WHAT YOU SHOULD KNOW:
Cystic fibrosis (CF) is a lifelong condition that affects your lungs, digestive system, and other organs. When you have CF, your mucus, tears, sweat, and saliva are too thick and sticky. These thick fluids clog your lungs and digestive system. CF typically causes trouble breathing and problems breaking down and absorbing food.
AFTER YOU LEAVE:
- Antibiotics: This medicine is given to help treat or prevent an infection caused by bacteria.
- Bronchodilators: You may need bronchodilators to help open the air passages in your lungs, and help you breathe more easily.
- Mucus thinning medicines: This is a medicine you breathe in to help thin the mucus in your respiratory system.
- Anti-inflammatory medicines: You may need to take ibuprofen or steroids for a short time to decrease inflammation in your lungs and help you breathe more easily.
- Pancreatic enzymes: These medicines help your digestive system break down food and absorb nutrients properly.
- Take your medicine as directed. Call your primary healthcare provider if you think your medicine is not helping or if you have side effects. Tell him if you are allergic to any medicine. Keep a list of the medicines, vitamins, and herbs you take. Include the amounts, and when and why you take them. Bring the list or the pill bottles to follow-up visits. Carry your medicine list with you in case of an emergency.
Follow up with your primary healthcare provider or specialist as directed:
Your primary healthcare provider (PHP) will need to check your symptoms regularly. You may need changes to your treatment plan. Write down your questions so you remember to ask them during your visits.
You may need extra oxygen if you have breathing problems. You breathe the oxygen through a face mask or through short, thin tubes that rest just inside your nose.
- Airway clearance techniques: Your PHP may teach you special exercises to help remove mucus and let you breathe easier. These exercises may be used along with machines or special devices to help decrease your symptoms and risk of infections.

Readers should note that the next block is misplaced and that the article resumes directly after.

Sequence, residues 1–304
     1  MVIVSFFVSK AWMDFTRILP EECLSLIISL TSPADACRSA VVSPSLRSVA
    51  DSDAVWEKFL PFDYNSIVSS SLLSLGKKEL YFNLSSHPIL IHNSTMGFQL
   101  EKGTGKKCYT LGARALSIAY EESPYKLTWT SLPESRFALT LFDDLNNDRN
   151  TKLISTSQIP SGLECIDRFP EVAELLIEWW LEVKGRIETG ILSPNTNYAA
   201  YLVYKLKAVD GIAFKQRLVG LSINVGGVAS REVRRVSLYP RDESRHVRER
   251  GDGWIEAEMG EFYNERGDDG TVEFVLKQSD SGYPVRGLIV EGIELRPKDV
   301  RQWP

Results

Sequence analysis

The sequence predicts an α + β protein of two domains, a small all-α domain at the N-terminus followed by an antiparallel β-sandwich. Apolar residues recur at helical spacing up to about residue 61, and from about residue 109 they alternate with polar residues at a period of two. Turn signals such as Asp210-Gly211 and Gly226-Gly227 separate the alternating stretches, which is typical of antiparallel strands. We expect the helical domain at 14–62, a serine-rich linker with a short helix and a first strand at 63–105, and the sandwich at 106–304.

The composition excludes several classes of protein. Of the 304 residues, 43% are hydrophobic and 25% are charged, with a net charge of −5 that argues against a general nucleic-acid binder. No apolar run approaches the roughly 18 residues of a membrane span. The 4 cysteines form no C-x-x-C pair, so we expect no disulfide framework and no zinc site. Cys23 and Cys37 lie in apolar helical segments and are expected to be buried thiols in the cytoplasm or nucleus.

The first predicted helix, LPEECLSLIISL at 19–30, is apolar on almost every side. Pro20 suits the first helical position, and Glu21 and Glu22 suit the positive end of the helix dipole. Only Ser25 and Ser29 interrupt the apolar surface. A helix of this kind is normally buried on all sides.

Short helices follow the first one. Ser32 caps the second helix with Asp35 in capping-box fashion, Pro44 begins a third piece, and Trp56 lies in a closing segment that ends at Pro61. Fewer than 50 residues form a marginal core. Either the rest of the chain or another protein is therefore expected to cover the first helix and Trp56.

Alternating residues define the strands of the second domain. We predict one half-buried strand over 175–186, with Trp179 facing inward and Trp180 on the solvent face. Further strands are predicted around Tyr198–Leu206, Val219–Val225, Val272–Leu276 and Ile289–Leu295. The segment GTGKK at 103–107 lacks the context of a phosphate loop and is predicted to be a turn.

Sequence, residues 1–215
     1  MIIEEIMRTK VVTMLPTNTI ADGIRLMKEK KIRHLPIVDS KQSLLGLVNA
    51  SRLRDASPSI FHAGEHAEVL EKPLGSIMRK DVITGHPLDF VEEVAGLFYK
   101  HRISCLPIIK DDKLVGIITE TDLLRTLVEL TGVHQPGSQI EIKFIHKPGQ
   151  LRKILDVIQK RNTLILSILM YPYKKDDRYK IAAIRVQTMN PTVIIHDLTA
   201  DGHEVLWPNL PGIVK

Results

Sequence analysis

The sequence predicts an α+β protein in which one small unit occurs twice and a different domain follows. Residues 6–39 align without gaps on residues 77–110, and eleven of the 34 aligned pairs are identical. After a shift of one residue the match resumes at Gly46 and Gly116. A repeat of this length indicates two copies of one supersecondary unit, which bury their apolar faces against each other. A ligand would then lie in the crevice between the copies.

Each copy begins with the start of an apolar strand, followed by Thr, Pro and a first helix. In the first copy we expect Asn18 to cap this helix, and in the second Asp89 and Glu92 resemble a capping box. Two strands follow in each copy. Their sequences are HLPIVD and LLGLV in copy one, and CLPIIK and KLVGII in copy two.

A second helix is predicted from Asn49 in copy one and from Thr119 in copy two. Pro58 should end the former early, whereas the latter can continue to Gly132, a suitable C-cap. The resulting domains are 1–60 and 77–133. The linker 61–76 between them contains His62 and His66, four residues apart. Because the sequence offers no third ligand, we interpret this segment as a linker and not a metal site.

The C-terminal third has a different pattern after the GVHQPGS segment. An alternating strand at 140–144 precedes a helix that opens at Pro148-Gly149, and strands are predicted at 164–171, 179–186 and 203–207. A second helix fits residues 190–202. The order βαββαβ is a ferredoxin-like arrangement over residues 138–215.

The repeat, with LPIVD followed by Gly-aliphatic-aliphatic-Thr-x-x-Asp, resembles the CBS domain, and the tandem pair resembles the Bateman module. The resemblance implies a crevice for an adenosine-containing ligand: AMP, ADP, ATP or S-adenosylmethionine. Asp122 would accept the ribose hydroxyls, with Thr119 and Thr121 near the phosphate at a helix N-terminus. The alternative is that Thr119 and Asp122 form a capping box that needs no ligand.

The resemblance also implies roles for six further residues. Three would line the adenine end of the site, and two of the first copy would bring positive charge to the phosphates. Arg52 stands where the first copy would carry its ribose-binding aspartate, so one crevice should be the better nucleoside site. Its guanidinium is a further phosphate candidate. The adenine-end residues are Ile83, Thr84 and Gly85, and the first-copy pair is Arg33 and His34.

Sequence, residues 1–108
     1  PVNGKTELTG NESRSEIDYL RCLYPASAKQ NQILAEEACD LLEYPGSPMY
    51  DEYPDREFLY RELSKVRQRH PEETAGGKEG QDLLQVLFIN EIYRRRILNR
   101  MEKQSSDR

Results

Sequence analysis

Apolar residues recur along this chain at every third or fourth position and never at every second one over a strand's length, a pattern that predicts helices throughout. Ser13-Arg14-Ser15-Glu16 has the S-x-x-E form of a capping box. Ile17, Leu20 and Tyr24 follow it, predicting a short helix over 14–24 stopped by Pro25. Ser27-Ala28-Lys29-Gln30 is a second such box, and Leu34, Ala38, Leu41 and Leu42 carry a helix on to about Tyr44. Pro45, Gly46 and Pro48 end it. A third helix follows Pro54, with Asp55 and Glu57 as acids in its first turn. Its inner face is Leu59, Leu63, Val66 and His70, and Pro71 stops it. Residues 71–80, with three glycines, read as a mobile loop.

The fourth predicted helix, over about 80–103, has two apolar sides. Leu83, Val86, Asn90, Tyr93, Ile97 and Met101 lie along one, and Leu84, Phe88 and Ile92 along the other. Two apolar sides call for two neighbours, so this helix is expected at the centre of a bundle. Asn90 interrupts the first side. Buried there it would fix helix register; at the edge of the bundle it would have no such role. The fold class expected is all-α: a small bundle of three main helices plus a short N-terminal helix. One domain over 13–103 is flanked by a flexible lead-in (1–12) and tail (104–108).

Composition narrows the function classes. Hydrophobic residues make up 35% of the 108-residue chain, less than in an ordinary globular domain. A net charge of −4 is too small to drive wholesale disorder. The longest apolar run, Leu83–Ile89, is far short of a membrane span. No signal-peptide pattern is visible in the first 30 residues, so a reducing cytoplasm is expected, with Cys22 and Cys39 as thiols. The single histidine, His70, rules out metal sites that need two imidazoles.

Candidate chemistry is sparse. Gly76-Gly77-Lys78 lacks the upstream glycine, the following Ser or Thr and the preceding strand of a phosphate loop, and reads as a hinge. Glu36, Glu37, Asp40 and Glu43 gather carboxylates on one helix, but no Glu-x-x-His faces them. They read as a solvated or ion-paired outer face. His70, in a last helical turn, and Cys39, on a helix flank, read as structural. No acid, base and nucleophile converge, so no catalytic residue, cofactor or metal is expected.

- Get plenty of exercise: Talk to your PHP about the best exercise plan for you. Physical activities can help loosen secretions in your airways and lungs, and help you breathe easier. Exercise can decrease your blood pressure and improve your health.
Eat healthy foods from all the food groups every day. Include a variety of whole grains, fruits, vegetables, dairy, beans, and lean meats. You may need extra calories, vitamins, or calcium added to your diet. You may need to take pancreatic enzymes to help you better absorb your food. Ask your PHP if you need to be on a special diet.
Tips to help you breathe easier:
- Rest or sleep with your head elevated: You may have trouble breathing when lying down. Use pillows or foam wedges to elevate your head. This may help you breathe easier.
- Use a humidifier: Use a cool mist humidifier or a vaporizer to increase air moisture in your home. This may make it easier for you to breathe and cough up mucus.
- Do not smoke: If you smoke, it is never too late to quit. Smoke can make your coughing or breathing worse. If you smoke, ask for information about how to stop.
Avoid the spread of germs:
- Wash your hands often: Use soap and water. Carry germ-killing gel with you when there is no soap and water available. Do not touch your eyes, nose, or mouth unless you have washed your hands first.
- Cover your mouth when you cough: Cough into a tissue or your shirtsleeve so you do not spread germs from your hands.
- Avoid others who are sick.
For more information:
- Cystic Fibrosis Foundation
6931 Arlington Road, Suite 2000
Bethesda , MD 20814
Phone: 1- 800 - 344-4823
Web Address: http://www.cff.org
Contact your primary healthcare provider or specialist if:
- You have a fever.
- You have a rash, itchy skin, or other new signs and symptoms.
- You urinate less, have a dry mouth or cracked lips, or feel dizzy.
- You have chills or feel weak or achy.
- You have trouble sleeping.
- You have questions or concerns about your condition or care.
Seek care immediately or call 911 if:
- You cough up blood.
- You have pain in your chest or trouble breathing.
- Your lips or fingernails turn blue or white.
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The above information is an educational aid only. It is not intended as medical advice for individual conditions or treatments. Talk to your doctor, nurse or pharmacist before following any medical regimen to see if it is safe and effective for you.